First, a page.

A scandal over migrants being chased through the streets has exposed a rift between Angela Merkel and Germany’s security establishment that is dividing her coalition and hindering efforts to contain the fall-out from her “open door” refugee policy.
The crisis blew up when Hans-Georg Maassen, chief of the BfV intelligence agency, said he was not convinced far-right extremists had attacked migrants in the eastern city of Chemnitz last month and a video said to show the violence may be fake.
Now, Merkel is caught between her Bavarian sister party, the Christian Social Union (CSU), which backs Maassen, and her other coalition partner, the left-leaning Social Democrats (SPD), who say he has lost credibility and must go.
The upshot is that the chancellor looks weak, her coalition is in crisis and she is less able to deal with pressing issues such as Brexit, European Union reform and trade problems with the United States.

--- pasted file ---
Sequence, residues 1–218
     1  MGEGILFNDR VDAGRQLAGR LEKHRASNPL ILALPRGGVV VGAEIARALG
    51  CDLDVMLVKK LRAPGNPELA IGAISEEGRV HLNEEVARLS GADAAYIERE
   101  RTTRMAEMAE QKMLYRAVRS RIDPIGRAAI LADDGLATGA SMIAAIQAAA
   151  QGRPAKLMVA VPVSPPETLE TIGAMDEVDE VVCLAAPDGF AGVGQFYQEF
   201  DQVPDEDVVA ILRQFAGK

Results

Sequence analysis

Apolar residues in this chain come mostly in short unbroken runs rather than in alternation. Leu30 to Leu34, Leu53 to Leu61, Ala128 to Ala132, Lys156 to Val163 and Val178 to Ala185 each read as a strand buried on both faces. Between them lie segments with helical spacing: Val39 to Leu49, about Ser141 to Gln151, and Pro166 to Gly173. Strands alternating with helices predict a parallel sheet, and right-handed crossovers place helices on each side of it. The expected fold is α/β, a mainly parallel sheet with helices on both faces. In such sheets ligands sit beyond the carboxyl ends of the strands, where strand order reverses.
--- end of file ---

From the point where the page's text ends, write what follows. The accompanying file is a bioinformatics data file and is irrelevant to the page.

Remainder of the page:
“The migration issue will certainly continue to haunt Merkel until the end of her term,” said Nickel.
The Maassen row has its roots in Merkel’s 2015 decision to open Germany’s borders to refugees fleeing war in the Middle East. More than one million came in total.
“Maassen is not an isolated case. Maassen is part of the security community,” said Robin Alexander, author of ‘Die Getriebenen, or ‘Those Driven by Events’, an account of how Merkel and her lieutenants handled the refugee crisis.